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701 Total Pages 432 Contributing Members

English-Alabama and Alabama-English dictionary 1906-1913

With over 5400 cards in 4 boxes, this study of Native American vocabularies in the southern states offers insight into language choices. Transcribe these cards and learn, for instance, the many phrases available in the Alabama language to refer to the concept of walking.

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485 Total Pages 69 Contributing Members

Alice Cunningham Fletcher Papers- Nez Perce allotment correspondence Box: 4A, 1889-91

Alice Cunningham Fletcher (1838-1923), was an ethnologist and collaborator with the Peabody Museum of Harvard, the Bureau of American Ethnology, and the Bureau of Indian Affairs. A pioneer in a field dominated by men, she was one of the first female ethnologists to conduct fieldwork among the Omaha, Nez Perce, Winnebago and Sioux Indian tribes. Fletcher worked closely with Francis La Flesche, an Omaha Indian and fellow ethnologist with the Bureau of American Ethnology. Because of their close personal and professional relationship, much of their research materials and correspondence are housed together in the National Anthropological Archives.

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297 Total Pages 69 Contributing Members

William Ockleford Oldman Archive Research Materials - Collection Ledger, 1902-1916: 1 to 33668 (Part 3)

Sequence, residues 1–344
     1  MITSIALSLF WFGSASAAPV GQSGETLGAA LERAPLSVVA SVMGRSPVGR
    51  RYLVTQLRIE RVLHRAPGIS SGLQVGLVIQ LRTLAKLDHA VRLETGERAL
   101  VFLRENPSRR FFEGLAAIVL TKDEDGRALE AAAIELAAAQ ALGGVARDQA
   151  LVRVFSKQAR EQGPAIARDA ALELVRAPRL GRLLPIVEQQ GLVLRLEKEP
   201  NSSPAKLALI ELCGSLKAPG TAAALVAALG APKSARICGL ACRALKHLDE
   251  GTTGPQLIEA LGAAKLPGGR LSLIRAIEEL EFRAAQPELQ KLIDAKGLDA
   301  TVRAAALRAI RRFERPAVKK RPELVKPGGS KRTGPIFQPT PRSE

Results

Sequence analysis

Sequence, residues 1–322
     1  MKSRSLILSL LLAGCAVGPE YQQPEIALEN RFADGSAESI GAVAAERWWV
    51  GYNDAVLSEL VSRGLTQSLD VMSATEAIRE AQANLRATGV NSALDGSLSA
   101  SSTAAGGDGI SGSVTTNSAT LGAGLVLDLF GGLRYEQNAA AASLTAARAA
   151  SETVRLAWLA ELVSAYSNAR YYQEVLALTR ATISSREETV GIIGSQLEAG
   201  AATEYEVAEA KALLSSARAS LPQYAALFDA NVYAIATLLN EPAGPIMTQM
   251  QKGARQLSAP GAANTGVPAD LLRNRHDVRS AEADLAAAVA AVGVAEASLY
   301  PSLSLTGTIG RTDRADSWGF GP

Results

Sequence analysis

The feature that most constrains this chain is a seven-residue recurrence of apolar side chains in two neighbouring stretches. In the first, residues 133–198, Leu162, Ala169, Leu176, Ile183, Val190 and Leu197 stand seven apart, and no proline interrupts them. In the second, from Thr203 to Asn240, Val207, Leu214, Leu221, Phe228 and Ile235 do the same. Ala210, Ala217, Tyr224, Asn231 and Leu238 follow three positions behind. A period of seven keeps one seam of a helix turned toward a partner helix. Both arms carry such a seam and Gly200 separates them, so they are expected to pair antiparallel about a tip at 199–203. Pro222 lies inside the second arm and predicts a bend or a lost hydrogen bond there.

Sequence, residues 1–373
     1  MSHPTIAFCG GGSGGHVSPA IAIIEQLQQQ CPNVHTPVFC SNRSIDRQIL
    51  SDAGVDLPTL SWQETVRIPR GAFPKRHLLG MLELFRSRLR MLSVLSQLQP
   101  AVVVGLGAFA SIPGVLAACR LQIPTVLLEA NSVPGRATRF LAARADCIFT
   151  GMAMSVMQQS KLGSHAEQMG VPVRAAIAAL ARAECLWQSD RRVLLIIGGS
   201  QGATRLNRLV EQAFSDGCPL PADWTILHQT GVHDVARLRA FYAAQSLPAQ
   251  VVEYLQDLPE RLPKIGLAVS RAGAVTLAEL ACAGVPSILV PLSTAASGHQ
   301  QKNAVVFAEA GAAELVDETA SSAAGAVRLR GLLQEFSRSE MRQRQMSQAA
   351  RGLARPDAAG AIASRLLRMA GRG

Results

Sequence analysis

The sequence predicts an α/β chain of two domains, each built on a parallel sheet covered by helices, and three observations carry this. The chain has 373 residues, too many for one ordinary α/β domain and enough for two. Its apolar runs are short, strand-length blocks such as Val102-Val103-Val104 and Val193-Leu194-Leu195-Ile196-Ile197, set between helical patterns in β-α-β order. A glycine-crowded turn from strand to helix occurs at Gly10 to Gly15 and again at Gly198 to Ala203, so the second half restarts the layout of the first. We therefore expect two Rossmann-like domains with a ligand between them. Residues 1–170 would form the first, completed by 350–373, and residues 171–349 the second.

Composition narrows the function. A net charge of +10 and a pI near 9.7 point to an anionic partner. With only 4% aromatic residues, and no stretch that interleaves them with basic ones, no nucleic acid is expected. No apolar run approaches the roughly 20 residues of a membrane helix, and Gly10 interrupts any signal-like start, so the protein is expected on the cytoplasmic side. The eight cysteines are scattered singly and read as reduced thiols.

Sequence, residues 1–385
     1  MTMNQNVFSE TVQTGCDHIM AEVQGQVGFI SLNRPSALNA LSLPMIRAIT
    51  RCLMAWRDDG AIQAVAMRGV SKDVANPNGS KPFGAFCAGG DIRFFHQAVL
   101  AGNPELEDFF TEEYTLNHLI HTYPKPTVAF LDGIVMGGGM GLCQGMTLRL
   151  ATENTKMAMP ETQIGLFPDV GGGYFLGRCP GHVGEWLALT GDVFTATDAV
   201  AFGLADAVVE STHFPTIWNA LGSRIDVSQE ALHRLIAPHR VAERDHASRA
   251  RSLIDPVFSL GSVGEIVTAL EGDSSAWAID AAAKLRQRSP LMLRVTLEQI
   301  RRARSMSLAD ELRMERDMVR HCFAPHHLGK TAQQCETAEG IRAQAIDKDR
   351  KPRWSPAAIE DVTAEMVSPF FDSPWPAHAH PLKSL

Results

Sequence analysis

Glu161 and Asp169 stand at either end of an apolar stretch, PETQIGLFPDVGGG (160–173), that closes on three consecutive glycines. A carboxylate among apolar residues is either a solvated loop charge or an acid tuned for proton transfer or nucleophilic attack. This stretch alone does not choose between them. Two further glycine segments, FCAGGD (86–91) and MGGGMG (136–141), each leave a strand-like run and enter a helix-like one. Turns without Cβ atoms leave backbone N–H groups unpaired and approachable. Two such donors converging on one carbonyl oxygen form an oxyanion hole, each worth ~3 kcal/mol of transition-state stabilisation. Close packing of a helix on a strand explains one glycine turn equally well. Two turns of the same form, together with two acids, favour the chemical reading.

Help us transcribe "Collection Ledger, 1902-1916: 1 to 33668 (Part 3)" from the William Ockleford Oldman Archive research materials! For instructions on how to transcribe this material, please view the project instructions page here . The William Ockleford Oldman Archive research materials are comprised of digital surrogates of the business records of Oldman held by the Museum of New Zealand Te Papa Tongarewa. These records include detailed information about his purchases and sales of objects including names of original sources for objects he acquired and sold. Since this provenance information is critically important to the documentation of NMAI’s collections, NMAI and Te Papa have begun a collaborative research project to make the Oldman materials available to the public for research and scholarship. William Ockleford Oldman (1879 – 1949) was a British collector and dealer of ethnographic art and European arms and armour. His business W.O. Oldman, Ethnographical Specimens, London was active between the late 1890s and 1913. Oldman purchased items from various sources including from auctions, directly from other collectors and dealers and also from many small British museums and historic houses. He held regular auctions to sell items and also reserved items for possible sale to particular private collectors, scholars, and heritage institutions including the Museum of the American Indian, Heye Foundation, NMAI’s predecessor institution. Ethnographic specimens with a provenance to Oldman’s business can now be found in various public institutions around the world including the National Museum of the American Indian.